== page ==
Historians believe that one of the greatest pioneers in the birth of automation, American inventor, pioneer, mechanical engineer, and manufacturer Eli Whitney. Best remembered as the inventor of the cotton gin. He made his first violin when he was only 12. Eli started college when he was 23, in 1788. He left for Georgia and got his first look at cotton business. He graduated from Yale in 1792, and went to Savannah, Georgia to teach and study law. After he graduated he went south to tutor the children of a wealthy plantation owner. He taught school for five years. Eli Whitney made and sold nails during the Revolutionary war. In 1798 Eli obtained a government contract to make 10,000 muskets. In 1812 he was given another contract for 15,000 muskets .He built the first firearms factory to use mass production methods. When Eli Whitney built his first factory in 1798, he allocated a great deal of his precious resources to providing housing for his workers as well as ensuring that they were well off financially. This consideration marked his entire career as an industrialist. He wanted to “employ steady sober people, “tied to his factory and part of a community of industry. He intended to create a self-sufficient village, producing goods, and populated by well educated, happy workers, Whitneyville. He also affected the industrial development of the United States, in manufacturing muskets but most of whitney’s own guns parts do not in fact interchange. Nevertheless, Eli Whitney is a figure whose history is fascinating, and whose impact in New Haven cannot be overstated. He translated the concept of interchangeable parts into a manufacturing system, giving birth to the American mass production concept. Whitney saw that a machine to clean the seed from cotton could make the South prosperous and make its inventor rich. He set to work at once and within days had drawn a sketch to explain his idea; 10 days later he constructed a crude model that separated fiber from seed.
By 1793 he designed and constructed a machine called the cotton gin that quickly separated cotton seed from the short staple cotton fiber. The first cotton gin was a wooden box that spun around a drum and picked the cotton seed with wire hooks. Cotton Gin, machine used to separate the fibers of cotton from the seeds. Before the invention of the cotton gin, seeds had to be removed from cotton fibers by hand; this labor-intensive and time-consuming process made growing and harvesting cotton uneconomical. The cotton gin allowed the seeds to be removed mechanically and rapidly from the cotton fibers, making cotton production economical and leading to dramatic growth in the United States cotton industry. This expansion contributed to an increase of slave labor in the United States. Whitney’s cotton gin, also called a saw gin, consisted of a cylinder to which a number of sawlike teeth were attached. As the cylinder revolved, the teeth passed through the closely spaced ribs of a fixed comb. When cotton was fed into the gin, the teeth caught the cotton fibers and pulled them through the comb. The seeds, which were too large to pass between the ribs, were left behind,( This principle, with virtually no modifications, is still employed in modern automatic saw gins used to process the bulk of the U.S. cotton crop).After perfecting his machine he filed an application for a patent on June 20, 1793; in February 1794 he deposited a model at the Patent Office, and on March 14 he received his patent. Whitney’s gin brought the South prosperity. Whitney entered into partnership with the plantation manager, Phineas Miller, to manufacture cotton gins at New Haven, Connecticut. A disastrous factory fire prevented the partners from making enough gins to meet the demand, and manufacturers throughout the South began to copy the Invention, but the unwillingness of the planters to pay for its use and the ease with which the gin could be pirated put Whitney’s company out of business by 1797. When Congress refused to renew the patent, which expired in 1807, Whitney concluded that ‘an invention can be so valuable as to be worthless to the inventor.’ He never patented his later inventions, one of which was a milling machine the other ground gravel used in road production. His genius as expressed in tools, machines, and technological ideas made the southern United States dominant in cotton production and the northern states a bastion of industry.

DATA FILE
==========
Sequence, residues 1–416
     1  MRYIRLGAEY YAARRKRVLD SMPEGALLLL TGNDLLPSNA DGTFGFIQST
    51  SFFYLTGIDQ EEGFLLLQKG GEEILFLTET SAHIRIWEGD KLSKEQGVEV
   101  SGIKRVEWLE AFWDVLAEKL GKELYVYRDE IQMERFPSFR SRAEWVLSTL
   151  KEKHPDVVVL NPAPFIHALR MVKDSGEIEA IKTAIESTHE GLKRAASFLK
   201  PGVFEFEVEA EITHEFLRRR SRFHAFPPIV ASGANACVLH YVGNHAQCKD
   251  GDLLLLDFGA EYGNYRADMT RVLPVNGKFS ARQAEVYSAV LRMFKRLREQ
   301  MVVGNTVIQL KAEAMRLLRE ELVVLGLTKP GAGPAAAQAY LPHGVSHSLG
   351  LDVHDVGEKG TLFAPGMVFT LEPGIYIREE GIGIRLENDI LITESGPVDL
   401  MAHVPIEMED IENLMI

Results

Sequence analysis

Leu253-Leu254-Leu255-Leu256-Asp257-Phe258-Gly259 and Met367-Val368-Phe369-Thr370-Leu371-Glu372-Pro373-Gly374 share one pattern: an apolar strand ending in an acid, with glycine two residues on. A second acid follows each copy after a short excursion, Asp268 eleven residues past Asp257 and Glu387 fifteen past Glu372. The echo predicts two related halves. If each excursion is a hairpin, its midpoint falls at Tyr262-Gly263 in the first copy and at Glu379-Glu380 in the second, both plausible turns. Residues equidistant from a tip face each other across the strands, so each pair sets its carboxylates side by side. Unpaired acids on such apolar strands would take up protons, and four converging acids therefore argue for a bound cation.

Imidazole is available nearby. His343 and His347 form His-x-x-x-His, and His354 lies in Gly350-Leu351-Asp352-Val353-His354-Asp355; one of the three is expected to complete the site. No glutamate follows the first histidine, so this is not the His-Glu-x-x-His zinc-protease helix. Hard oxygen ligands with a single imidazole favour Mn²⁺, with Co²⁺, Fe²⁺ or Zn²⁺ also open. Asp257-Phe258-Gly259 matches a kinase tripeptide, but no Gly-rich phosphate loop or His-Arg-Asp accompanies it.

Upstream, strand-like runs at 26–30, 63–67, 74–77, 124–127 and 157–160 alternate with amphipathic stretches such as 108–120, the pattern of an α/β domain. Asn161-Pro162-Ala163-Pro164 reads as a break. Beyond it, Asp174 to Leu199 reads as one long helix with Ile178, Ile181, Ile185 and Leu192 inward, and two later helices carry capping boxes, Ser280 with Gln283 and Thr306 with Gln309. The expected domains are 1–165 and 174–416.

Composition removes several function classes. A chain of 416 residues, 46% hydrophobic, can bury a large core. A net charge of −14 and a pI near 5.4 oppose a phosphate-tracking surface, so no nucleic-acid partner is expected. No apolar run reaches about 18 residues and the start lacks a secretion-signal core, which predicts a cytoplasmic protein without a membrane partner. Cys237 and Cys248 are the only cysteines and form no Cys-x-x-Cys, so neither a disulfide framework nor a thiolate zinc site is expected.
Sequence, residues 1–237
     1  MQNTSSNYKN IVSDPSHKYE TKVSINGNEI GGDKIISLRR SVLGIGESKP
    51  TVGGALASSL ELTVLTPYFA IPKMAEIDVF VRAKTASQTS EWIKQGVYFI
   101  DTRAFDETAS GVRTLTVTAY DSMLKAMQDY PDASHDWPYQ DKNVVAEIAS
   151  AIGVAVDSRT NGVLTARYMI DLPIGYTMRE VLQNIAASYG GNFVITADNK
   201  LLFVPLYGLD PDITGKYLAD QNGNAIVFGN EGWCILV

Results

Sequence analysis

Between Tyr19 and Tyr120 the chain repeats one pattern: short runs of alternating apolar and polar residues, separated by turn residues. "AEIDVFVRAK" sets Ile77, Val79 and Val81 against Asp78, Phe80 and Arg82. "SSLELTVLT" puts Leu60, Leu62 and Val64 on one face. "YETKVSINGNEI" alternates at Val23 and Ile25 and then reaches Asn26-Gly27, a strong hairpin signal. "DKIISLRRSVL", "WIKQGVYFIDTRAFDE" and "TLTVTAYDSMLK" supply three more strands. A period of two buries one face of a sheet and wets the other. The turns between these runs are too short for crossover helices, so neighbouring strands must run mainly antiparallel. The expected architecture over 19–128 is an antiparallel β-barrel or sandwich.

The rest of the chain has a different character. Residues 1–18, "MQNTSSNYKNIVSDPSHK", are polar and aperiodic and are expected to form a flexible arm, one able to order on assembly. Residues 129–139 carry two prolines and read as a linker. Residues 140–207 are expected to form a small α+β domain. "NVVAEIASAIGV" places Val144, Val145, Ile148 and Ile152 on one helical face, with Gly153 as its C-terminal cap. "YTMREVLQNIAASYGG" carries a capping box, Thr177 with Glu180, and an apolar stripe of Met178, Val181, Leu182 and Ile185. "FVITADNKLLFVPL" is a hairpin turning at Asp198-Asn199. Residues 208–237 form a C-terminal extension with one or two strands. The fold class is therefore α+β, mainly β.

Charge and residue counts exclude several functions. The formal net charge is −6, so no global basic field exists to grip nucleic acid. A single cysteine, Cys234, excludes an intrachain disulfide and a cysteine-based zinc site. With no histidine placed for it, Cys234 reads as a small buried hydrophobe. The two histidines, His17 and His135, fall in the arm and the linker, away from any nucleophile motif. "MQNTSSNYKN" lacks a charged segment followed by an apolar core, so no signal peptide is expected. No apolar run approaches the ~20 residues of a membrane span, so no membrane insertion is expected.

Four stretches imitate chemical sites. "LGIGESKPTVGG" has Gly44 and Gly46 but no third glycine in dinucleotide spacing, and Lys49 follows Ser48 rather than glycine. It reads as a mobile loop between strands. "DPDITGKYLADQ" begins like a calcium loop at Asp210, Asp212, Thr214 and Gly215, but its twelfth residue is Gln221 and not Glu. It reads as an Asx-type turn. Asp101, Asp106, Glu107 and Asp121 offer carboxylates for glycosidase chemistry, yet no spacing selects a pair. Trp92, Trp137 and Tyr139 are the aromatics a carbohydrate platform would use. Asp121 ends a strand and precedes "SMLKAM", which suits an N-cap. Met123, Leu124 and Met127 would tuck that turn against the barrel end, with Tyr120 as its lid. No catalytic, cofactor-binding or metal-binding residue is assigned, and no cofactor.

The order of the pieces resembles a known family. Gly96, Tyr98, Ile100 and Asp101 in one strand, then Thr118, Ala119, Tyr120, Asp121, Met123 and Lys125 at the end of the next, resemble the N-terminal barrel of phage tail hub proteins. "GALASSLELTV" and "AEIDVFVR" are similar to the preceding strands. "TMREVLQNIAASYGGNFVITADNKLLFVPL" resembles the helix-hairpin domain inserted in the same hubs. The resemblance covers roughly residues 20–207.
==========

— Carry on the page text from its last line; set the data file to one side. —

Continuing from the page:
He had one sister- Elizabeth, and two brothers- Benjamin and Josiah. In 1817 he married Henrietta Frances Edwards of Bridgeport, Connecticut. They had three daughters and one son. Eli Whitney died in 1824 of natural causes. There is an award this day which is for distinguished accomplishments in improving capability within the broad concept of orderly production. The person receiving this Award should be presently in a top management position, active personally in the development of ideas, concept of process, associated with engineering, responsible for proven concepts, with wide recognition in the area of mass production and generating greater productivity.